All you need to know about setting up a business in Hong Kong
Contributed by Hugill & Ip Solicitors
17 December, 2020
Hong Kong offers one of the most vibrant business environments in the world. According to the World Economic Forum's Competitiveness Index 2019, it is the 3rd most competitive economy and year on year it attracts many entrepreneurs looking to tap into its wealth of benefits. People looking to set up a company have various options, including sole proprietors, partnerships and limited companies. When considering starting a business in Hong Kong, one will likely have many questions and concerns.
Q1: What is a Hong Kong limited company?
A Hong Kong limited company is either limited by shares or by guarantee. A company is limited by shares if the liability of its shareholders is limited by the company's articles to any amount unpaid on the shares held by the shareholders; while a company limited by guarantee does not have a share capital, but the liability of its members is limited by the amounts that the members undertake as stated in the articles.
No matter how its liability is limited, a limited company is a separate legal entity like a legal person which enjoys its own rights and benefits but at the same time bears its owns risk, separated from its shareholders/members. A limited company with its liability limited by shares is the most common form in Hong Kong because shareholders generally have greater flexibility in ownership transfer and raising capital.
Q2: Why is Hong Kong good for business?
Hong Kong's standing as one of the world's major financial hubs provides a competitive environment with opportunities for significant profits to be made. Setting up a business can seem like a daunting prospect, but one of Hong Kong's main benefits is that it is relatively easy to set up a company.
Comparative to other jurisdictions, annual maintenance costs are cheap and general yearly compliance requirements (such as filing annual returns, preparing audited accounts and tax returns) are less onerous.
Hong Kong is also a gateway to Mainland China and the Closer Economic Partnership Arrangement provides additional and exclusive Mainland market access benefits. It is common for companies looking to do business in Mainland China through Wholly Foreign Owned Enterprises (WFOE) to use a Hong Kong limited company as the "holding company".
Hong Kong's respected judicial system and rule of law makes it the perfect base for doing business with other nearby jurisdictions. It is one of the key centres in Asia for arbitration, is committed to protecting intellectual property rights and enforces stringent regulations on patents, copyrights, trademarks, and registered designs.
Lastly, profits tax is significantly lower than other jurisdictions.
Q3: What is the profits tax rate in Hong Kong?
Hong Kong has a simple tax regime. Income/profits are only taxed if sourced from Hong Kong. There is no distinction on tax treatments between residents and non-residents, a resident may derive profits from abroad without suffering tax; conversely, a non-resident may suffer tax on profits arising in Hong Kong. If you wish to set up a company that will carry on business in Hong Kong, generally the profits tax rate will be 8.25% on the first HK$2 million of profits, and 16.5% on everything thereafter.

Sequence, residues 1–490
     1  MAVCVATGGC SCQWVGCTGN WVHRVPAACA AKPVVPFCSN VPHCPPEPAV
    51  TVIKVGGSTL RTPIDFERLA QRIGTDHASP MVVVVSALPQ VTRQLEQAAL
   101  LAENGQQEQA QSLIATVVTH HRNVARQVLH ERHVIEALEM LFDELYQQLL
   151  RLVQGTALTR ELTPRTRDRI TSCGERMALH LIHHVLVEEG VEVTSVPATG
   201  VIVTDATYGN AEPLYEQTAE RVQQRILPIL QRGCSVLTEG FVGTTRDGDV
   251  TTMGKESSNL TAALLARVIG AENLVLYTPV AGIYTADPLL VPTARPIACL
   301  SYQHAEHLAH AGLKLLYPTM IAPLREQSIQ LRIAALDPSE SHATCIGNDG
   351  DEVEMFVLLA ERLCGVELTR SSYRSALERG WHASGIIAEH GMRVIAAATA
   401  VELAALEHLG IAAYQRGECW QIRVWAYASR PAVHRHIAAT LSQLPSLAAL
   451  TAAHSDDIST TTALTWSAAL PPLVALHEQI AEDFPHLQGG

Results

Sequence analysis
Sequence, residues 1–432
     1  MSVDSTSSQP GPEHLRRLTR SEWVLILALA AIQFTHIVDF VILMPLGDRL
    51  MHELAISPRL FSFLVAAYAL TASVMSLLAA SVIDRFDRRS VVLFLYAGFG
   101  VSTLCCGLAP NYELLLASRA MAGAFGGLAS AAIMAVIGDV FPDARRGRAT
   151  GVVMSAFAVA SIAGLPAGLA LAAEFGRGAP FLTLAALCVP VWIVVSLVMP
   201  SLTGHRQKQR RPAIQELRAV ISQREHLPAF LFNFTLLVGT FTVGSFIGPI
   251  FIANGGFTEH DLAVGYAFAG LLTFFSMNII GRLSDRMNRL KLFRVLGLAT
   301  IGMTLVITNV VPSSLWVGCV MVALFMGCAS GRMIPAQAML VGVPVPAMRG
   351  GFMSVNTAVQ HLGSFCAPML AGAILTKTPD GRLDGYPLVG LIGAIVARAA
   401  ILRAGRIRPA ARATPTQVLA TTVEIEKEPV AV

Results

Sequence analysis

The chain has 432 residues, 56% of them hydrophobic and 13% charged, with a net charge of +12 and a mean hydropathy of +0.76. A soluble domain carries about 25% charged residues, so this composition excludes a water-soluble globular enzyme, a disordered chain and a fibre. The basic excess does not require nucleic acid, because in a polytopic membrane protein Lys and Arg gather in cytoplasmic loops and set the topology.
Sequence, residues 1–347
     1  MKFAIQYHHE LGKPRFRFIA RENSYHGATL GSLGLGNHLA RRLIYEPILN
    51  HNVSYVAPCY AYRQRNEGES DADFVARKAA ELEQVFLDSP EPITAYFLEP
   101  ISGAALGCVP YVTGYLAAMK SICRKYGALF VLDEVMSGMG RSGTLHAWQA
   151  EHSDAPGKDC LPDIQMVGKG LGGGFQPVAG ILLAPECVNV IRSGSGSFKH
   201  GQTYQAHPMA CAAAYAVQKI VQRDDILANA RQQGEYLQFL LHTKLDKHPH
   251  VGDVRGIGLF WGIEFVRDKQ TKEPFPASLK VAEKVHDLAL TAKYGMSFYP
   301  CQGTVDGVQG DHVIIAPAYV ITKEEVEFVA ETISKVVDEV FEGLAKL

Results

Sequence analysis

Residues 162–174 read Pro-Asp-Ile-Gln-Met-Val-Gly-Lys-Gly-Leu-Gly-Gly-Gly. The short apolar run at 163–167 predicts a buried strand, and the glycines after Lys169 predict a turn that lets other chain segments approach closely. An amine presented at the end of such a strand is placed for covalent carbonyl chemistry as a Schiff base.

Hong Kong does not have capital gains tax. Transactions, such as disposal of assets/businesses and dividends paid to shareholders are tax free, giving opportunities for huge savings.
However, a shareholder wishing to dispose of shares in a Hong Kong company will need to pay stamp duty on the transfer. Stamp duty is charged at 0.1% of the amount of consideration for the transfer or the market value of the shares, whichever is the higher, on each sold note and bought note of the transfer, so in total 0.2%.
Q4: Can non-residents start a business in Hong Kong?
Generally, there are no restrictions on foreign ownership of Hong Kong companies. Approval of (or limits on) foreign ownership of Hong Kong companies applies to a handful of specific industries, such as the broadcasting sector.
It is possible for non-residents to set up a business in Hong Kong, even if they are abroad. A Hong Kong company must appoint at least one natural person as the director, who can be a non-resident. The company secretary, who will take care of general corporate and compliance matters (e.g. statutory filings with the Companies Registry) needs to be a Hong Kong resident or a Hong Kong registered company. A Hong Kong company also needs to have a registered office address in Hong Kong.
If a business owner needs to enter Hong Kong to conduct business negotiations and/or sign contracts, then they can take advantage of Hong Kong's relatively liberal immigration policies and enter as a short-term visitor on a visitor visa or entry permit. Many nationalities can enter Hong Kong visa-free, for periods ranging from 7 to 180 days.
If moving to Hong Kong becomes desirable/necessary, there are viable visa avenues for business owners, such as a visa/ entry permit for investment as an entrepreneur.
Q5: How long does it take to set up a company in Hong Kong?
A Hong Kong company can be set up through Companies Registry via e-registration (limited to account users) or by paper application. The company can be incorporated quickly within 3-5 days and sometimes even within 24 hours (if by e-registration).